NBAA and the National Air Transportation Association (NATA) expressed concern about the FAA’s June notice requiring the addition of a 15-percent landing-distance safety margin. NBAA and NATA believe that the FAA is bypassing the normal regulatory process.
Federal Aviation Administration
The FAA is expected to push back “a few weeks” the implementation dates for the 15-percent runway safety margin requirement. A four-week delay, for example, would require air carriers to submit compliance procedures to their POI by October 1, with implementation required by November 1.
The NTSB on Friday released to the FAA its formal recommendations (A-06-42 and A-06-43) resulting from its investigation into the fatal crash of a Challenger 600 during takeoff from Montrose, Colo., on Nov. 28, 2004.
New and revised performance and handling qualities requirements for normal- (Part 27) and transport-category (Part 29) rotorcraft have been proposed.
The FAA is moving forward with a plan to release Charter Operations Specifications A008 (OpSpec 008) and associated guidance on August 31.
The FAA has granted, with conditions, Raytheon Aircraft’s request that the Hawker 4000 be temporarily exempted from having to meet certain Part 25 fuel tank ignition and hydraulic system performance amendments to enable the aircraft to receive type certification (TC) by year-end. Under the conditions of the exemptions, the aircraft will still have to meet certain provisions of both amendments before the FAA will issue the TC.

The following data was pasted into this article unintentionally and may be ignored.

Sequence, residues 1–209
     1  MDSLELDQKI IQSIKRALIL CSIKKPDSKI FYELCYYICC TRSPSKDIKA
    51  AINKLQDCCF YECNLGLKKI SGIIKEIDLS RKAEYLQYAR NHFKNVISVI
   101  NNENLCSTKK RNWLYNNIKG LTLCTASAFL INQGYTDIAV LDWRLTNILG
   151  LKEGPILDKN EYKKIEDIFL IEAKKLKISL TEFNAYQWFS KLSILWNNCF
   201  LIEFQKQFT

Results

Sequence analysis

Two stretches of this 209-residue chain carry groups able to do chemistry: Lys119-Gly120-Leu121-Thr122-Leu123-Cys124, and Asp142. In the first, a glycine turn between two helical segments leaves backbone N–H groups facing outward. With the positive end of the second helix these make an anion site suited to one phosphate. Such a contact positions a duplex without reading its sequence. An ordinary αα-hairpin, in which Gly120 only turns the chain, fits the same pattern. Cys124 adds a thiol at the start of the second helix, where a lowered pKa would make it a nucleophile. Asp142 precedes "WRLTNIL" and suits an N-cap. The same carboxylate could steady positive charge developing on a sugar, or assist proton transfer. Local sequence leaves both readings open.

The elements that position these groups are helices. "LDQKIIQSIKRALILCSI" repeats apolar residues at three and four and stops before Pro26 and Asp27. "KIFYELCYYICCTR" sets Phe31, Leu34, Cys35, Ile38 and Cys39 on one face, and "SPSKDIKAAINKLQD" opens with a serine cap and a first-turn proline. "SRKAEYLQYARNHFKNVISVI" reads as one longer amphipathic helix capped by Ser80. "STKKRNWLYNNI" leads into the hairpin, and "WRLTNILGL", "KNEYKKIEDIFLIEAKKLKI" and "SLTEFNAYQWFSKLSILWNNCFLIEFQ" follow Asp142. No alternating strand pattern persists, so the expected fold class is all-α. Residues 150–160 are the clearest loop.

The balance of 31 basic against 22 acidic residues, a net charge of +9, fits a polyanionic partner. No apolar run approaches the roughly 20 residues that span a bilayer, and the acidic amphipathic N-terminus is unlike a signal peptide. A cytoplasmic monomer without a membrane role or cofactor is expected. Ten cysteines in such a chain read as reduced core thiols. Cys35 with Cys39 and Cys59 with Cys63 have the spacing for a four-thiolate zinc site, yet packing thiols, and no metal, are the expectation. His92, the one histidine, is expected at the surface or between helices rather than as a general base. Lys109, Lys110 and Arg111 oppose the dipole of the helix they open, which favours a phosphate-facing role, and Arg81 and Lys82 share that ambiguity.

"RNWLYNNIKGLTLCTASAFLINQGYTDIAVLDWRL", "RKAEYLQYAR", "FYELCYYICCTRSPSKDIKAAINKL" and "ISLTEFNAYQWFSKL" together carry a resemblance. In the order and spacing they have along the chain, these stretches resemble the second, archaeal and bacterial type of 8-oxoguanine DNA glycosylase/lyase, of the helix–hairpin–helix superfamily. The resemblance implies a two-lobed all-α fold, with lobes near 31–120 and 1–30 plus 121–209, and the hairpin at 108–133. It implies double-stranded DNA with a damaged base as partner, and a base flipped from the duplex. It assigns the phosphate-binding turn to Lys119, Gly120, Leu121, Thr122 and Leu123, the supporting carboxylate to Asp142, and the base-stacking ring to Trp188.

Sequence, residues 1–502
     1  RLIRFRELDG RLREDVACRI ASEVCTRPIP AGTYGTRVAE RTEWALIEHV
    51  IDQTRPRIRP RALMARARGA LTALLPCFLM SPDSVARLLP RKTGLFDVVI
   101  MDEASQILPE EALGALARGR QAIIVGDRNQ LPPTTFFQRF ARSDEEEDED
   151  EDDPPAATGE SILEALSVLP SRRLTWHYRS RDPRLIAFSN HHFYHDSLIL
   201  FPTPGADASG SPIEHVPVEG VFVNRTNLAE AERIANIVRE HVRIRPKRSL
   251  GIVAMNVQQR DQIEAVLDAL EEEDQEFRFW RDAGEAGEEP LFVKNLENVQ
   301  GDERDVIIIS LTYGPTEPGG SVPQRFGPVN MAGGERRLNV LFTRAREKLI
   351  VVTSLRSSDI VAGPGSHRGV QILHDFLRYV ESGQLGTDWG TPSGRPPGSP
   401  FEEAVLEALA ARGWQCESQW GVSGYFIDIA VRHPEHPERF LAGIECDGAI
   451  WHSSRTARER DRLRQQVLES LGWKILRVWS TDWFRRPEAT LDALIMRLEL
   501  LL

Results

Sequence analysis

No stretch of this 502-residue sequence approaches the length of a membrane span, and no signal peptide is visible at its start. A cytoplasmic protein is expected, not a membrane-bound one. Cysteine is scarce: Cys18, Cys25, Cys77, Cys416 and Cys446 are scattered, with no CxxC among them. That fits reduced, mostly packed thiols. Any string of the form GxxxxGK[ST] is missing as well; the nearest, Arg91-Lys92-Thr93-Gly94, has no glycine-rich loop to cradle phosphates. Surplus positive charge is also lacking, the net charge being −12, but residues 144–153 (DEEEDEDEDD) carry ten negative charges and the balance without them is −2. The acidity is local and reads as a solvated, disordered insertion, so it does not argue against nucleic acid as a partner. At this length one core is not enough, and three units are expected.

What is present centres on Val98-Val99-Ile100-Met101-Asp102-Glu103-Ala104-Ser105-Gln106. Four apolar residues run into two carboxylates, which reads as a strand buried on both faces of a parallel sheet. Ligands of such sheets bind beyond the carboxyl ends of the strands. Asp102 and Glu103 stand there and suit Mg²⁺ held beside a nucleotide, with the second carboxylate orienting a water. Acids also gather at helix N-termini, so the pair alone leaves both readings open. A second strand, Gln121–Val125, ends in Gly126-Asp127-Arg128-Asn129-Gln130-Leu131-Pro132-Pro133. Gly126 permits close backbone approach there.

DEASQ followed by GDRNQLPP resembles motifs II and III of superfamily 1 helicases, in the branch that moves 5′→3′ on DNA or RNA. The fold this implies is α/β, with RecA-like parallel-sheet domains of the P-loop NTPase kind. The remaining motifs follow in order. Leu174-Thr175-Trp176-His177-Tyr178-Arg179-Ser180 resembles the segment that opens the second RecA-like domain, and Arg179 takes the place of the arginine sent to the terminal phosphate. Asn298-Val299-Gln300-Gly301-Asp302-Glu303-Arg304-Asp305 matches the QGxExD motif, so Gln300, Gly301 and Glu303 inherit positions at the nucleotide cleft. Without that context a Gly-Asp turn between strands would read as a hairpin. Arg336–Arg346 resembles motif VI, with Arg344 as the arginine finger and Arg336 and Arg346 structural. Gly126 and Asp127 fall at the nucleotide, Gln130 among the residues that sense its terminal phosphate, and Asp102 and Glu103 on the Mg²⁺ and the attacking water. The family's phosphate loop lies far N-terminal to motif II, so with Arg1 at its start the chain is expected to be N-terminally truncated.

In a letter to the Office of Management and Budget this week, the National Air Transportation Association (NATA) requested the agency's intervention to ensure that the new FAA policy requiring landing performance assessments before landing, including a new requirement for a mandatory 15-percent margin, for fractional and charter jets complies with all statutory requirements.
Lockheed Martin is expected soon to make a surprise announcement about its bid for the FAA's forthcoming ADS-B contract, said to be valued at around $2 billion over its lifetime. The surprise will be Lockheed's recruitment of Sensis and Rannoch as team members; both are leading ADS-B ground station manufacturers that previously have been strong competitors.
General aviation operators at New York La Guardia Airport who are waiting eagerly for the expiration next January 1 of the reservation and slot program under the high-density rule shouldn't hold their breath.
Controversial FAA regulations that would impose numerous new requirements on air-tour operators are one step closer to publication. The rulemaking, proposed in October 2003, is now under review at the Office of Management and Budget (OMB). The OMB’s review and approval is the last step before the FAA can publish the regulations as a final rule.